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Re: Southern California's great migration

Post  American Zombie on Thu May 19, 2011 3:39 pm

Well I'd like to know exactly what type of policy should be passed? Correct me if I'm wrong but the point of the original article was that too many people moved to the Inland Empire during the housing boom years and when the economy collapsed they found themselves stuck in the IE with no work?

I would really like to know what they meant by "linking the award of housing funds to municipalities that reduced the number of automobile miles traveled "...Somebody please dumb it down so I can understand. I read it over and over..I just don't get it. How do cities reduce the number of automobile miles traveled?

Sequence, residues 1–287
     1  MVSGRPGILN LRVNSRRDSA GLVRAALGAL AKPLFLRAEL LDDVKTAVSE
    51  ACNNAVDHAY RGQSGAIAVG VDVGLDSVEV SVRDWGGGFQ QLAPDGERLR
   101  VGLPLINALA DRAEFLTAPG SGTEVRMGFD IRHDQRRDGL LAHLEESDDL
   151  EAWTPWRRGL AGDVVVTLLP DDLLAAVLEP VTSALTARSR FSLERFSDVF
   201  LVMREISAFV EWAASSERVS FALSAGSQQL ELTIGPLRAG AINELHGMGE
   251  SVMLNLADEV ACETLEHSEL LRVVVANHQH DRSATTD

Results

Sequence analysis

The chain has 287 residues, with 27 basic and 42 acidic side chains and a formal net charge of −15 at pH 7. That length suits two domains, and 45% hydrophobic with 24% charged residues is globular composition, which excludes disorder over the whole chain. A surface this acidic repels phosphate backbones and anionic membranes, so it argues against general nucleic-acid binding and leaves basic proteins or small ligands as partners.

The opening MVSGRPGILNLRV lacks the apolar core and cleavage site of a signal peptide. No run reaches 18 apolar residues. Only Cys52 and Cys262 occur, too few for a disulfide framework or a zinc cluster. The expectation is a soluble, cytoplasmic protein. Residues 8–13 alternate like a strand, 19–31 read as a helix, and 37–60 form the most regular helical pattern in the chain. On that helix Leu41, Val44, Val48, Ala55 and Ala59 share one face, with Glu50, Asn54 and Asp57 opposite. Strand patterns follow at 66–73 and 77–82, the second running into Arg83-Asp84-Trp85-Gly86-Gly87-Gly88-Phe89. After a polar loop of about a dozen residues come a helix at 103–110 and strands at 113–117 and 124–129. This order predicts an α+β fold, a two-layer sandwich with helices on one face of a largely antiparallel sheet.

I remember a while back some unelected California board wanted to pass laws to purposely make gas cost more. The plan was to make people want to move back into the big cities and away from places like the Inland Empire..But I don't know if this is the same being proposed here.
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Re: Southern California's great migration

Post  .02 cents on Thu May 19, 2011 6:29 pm

I haven't done the math myself, nor do i get paid to foresee these things. But i suggest we get someone with good experience to spearhead the project, that will hopefully get us going in the right direction. Any suggestions???
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Re: Southern California's great migration